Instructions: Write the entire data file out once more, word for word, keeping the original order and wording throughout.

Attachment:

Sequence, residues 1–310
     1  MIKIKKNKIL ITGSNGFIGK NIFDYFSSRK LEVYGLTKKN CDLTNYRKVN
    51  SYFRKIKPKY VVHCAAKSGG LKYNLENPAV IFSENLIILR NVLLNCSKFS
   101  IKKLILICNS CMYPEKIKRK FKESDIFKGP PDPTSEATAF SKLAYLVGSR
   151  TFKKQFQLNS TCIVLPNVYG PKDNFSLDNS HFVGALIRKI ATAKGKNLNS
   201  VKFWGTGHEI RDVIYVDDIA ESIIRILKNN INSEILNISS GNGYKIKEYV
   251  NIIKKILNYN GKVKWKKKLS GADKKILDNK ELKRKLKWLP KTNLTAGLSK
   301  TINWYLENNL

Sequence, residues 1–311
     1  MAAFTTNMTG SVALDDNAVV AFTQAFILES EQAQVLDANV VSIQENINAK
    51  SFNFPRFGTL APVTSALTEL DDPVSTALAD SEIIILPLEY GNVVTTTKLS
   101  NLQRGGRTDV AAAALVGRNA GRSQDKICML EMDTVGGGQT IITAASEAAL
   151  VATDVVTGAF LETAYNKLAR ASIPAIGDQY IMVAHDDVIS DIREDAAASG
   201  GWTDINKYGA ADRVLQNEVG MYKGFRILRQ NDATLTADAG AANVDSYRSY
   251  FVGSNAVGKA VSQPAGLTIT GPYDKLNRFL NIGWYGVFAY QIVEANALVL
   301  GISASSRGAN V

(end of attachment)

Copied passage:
Sequence, residues 1–310
     1  MIKIKKNKIL ITGSNGFIGK NIFDYFSSRK LEVYGLTKKN CDLTNYRKVN
    51  SYFRKIKPKY VVHCAAKSGG LKYNLENPAV IFSENLIILR NVLLNCSKFS
   101  IKKLILICNS CMYPEKIKRK FKESDIFKGP PDPTSEATAF SKLAYLVGSR
   151  TFKKQFQLNS TCIVLPNVYG PKDNFSLDNS HFVGALIRKI ATAKGKNLNS
   201  VKFWGTGHEI RDVIYVDDIA ESIIRILKNN INSEILNISS GNGYKIKEYV
   251  NIIKKILNYN GKVKWKKKLS GADKKILDNK ELKRKLKWLP KTNLTAGLSK
   301  TINWYLENNL

Sequence, residues 1–311
     1  MAAFTTNMTG SVALDDNAVV AFTQAFILES EQAQVLDANV VSIQENINAK
    51  SFNFPRFGTL APVTSALTEL DDPVSTALAD SEIIILPLEY GNVVTTTKLS
   101  NLQRGGRTDV AAAALVGRNA GRSQDKICML EMDTVGGGQT IITAASEAAL
   151  VATDVVTGAF LETAYNKLAR ASIPAIGDQY IMVAHDDVIS DIREDAAASG
   201  GWTDINKYGA ADRVLQNEVG MYKGFRILRQ NDATLTADAG AANVDSYRSY
   251  FVGSNAVGKA VSQPAGLTIT GPYDKLNRFL NIGWYGVFAY QIVEANALVL
   301  GISASSRGAN V